Gifts: Exemptions and computation
Receiving Gift indeed brings a cheerful smile on the face of the receiver, but if receiver gets to know that he has to pay tax thereon, the smiling face may turn sad.
Although Gift Tax Act has been abolished, however there are certain provisions in the Income Tax Act, which make the gift taxable in the hands of the recipient.
Today we shall share with you certain circumstances when the gift so received is not taxable in the hands of the recipient.
If a person receives Gifts (either in cash or in kind) from any person, gift tax is to be paid by recipient of gift. Such income would be taxable in the year in which the gift is being received and taxable under head income from other sources. After adding the value of Gift so received to income under head other sources, the gross total income would be computed and the tax would be levied on the gross total income as per the income tax slab rates.
A – Exemption from levy of Income Tax on Gift
Income Tax on Gift received by an individual or HUF is governed by provisions of Section 56(ii) of the Income Tax Act. As per the provisions of this Section, Gift Tax will not be levied under the following 7 circumstances:-
1. Gifts received from Relatives
Gift received from Specified Relatives is fully exempted and no income tax would be levied on such Gifts. The persons who constitutes relatives for this purpose are defined as under:
1.Spouse of the Individual
2.Brother or Sister of the Individual
3.Brother or Sister of the spouse of the Individual
4.Brother or Sister of either of the parents of the Individual
5.Any Linear ascendant or descendent of the Individual
6.Any Linear ascendant or descendent of the spouse of the Individual
7.Spouse of the person mentioned above
There is no maximum limit on the value of gifts received to be exempted from Gift Tax. All gifts received from relatives (irrespective of value) are exempted from the levy of Gift Tax.
2. If the aggregate value of gifts received is less than Rs. 50,000
Income tax Act has defined Rs. 50,000 as the exemption limit. If the total value of gifts (whether in cash or in kind) received from a persons (except relatives as specified above) in any financial year does not exceed Rs. 50,000/-, then such gift are not liable to Gift Tax. However, if the value of gifts received exceeds Rs. 50,000/-. Then the entire gift so received is taxable as Income from other sources.
3. On the occasion of Marriage of the Individual
Gifts received by an individual on his own marriage are fully exempted from Gift Tax. It has also been clarified that the gifts received by a person on his own marriage are exempted and not on the marriage of their son/daughter/brother/sister.
4. Gift Tax on Property received
Prior to 2009, gifts received in kind were not taxable but now, they are taxable now.
Gift Tax on Assets received in kind would be levied in the following manner:-
◦In case the property is received without any consideration, the stamp duty value/fair market value of the property would be taxable (provided the stamp duty value exceeds Rs. 50,000);
◦In case part consideration is being paid by the person receiving the gift, and the difference between the part payment made and the stamp duty value/fair market value is more than Rs. 50,000/-, such difference would be taxable.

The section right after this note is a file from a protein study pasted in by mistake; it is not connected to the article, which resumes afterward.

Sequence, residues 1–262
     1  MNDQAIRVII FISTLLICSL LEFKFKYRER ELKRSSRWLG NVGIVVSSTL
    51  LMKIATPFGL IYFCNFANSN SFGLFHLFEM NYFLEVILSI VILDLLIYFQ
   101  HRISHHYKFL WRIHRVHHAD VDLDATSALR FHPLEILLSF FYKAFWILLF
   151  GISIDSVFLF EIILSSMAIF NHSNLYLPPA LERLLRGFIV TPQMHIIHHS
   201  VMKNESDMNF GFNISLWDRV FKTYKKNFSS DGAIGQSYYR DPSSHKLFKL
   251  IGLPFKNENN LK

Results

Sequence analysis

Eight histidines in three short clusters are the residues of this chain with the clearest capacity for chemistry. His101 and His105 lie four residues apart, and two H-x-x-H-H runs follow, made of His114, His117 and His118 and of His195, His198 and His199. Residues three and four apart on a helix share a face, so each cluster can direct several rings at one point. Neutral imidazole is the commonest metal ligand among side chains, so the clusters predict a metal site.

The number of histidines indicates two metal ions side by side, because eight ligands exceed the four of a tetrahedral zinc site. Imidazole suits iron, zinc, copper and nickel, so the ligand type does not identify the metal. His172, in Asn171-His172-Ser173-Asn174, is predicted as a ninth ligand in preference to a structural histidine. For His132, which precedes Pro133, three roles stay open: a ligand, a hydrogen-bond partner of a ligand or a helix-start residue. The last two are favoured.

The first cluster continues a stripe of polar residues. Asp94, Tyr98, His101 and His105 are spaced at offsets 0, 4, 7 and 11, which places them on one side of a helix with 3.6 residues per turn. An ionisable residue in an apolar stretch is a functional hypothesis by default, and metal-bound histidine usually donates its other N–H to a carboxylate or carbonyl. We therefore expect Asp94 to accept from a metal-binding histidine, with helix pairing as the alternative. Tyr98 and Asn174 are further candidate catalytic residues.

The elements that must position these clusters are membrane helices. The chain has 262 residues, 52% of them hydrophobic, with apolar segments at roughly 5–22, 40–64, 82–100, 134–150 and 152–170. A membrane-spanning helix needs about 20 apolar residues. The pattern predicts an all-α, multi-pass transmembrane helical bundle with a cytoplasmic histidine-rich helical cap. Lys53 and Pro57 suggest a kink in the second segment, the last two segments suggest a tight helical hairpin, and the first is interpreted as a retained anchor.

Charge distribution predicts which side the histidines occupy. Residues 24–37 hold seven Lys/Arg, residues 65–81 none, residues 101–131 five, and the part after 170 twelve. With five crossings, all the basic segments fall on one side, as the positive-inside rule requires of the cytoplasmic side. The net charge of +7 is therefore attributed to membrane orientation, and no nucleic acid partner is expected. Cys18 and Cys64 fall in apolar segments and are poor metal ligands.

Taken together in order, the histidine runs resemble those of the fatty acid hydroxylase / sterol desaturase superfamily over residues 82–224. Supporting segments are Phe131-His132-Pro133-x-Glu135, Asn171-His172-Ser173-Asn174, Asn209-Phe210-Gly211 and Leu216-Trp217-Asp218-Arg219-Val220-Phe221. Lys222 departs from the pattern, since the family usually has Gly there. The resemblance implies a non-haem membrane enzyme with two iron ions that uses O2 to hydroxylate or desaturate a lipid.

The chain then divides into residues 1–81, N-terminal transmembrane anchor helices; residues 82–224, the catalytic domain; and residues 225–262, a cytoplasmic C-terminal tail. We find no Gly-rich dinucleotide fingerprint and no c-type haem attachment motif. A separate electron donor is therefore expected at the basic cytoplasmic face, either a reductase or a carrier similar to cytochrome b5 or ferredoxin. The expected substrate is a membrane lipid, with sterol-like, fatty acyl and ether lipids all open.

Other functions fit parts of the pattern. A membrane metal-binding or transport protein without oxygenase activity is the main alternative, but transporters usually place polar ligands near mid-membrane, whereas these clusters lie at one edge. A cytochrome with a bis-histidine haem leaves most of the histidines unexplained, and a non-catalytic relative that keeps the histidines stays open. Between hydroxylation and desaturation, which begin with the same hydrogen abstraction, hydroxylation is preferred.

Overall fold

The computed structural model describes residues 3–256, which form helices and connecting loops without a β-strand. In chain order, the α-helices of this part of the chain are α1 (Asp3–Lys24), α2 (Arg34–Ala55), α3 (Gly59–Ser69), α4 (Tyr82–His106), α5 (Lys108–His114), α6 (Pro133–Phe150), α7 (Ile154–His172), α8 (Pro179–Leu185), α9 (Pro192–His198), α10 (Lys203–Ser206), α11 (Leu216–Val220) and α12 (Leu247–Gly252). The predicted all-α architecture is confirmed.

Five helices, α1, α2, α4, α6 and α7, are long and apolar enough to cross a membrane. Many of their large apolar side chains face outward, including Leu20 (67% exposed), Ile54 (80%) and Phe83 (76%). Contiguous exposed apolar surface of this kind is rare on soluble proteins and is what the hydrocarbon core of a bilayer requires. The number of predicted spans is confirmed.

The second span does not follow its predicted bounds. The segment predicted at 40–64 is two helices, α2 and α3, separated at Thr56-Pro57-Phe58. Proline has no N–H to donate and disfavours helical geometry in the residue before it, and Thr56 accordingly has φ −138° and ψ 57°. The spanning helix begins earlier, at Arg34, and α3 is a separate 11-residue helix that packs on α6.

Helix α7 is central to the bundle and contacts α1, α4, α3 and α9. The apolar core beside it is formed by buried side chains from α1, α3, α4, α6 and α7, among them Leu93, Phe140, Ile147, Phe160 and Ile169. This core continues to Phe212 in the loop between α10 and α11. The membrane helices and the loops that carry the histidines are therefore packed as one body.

In case of Immovable Properties, the stamp duty value would be considered and in case of Movable Properties, the fair market value would be considered.
The meaning of property has also been defined and Property means:-
◦Immovable Property being land or Building or both
◦Shares and Securities
◦Any other work of Art
Tax on Property received as Gift would only be levied in case of the above mentioned properties. Thus, in case any property is not listed above, tax on those properties received as gift would not be levied. Examples of such properties on which gift tax would not be levied are Cars, Laptops, and Mobiles etc.
5. Gifts received under a Will or by way of Inheritance or in contemplation of death of the payer
Any amount received under a will or by way of inheritance or in contemplation of death of the payer is fully exempted in the hands of the person receiving the gift. There is no maximum limit in this case and the whole gift received is considered as tax free.
6. Gifts received from any Local Authority as defined in Section 10(20) is also exempt.
7. Gifts received from any fund or foundation or university or other education institution or hospital or other medical institution or any other trust or institution referred to in section 10(23C) or Gifts received from any fund or Institution registered under Section 12AA
B – Capital Gains on Assets received/transferred as Gifts
In the hands of the person giving the gift
If a person gives gifts to another, then such gift would not be regarded as transfer and therefore no capital gains would arise in the hands of the transferor i.e. the person who is giving the gift. And therefore, at the time of giving the gift, no tax would be required to be paid by the person giving the gift.
In the hands of the person receiving the gift
◦The Cost of acquisition in the hands of the person receiving the gift would be the same as the cost of acquisition in the hands of the person who gave the gift.
◦For the computation of period of holding, the period of holding in the hands of the person giving the gift would also be included.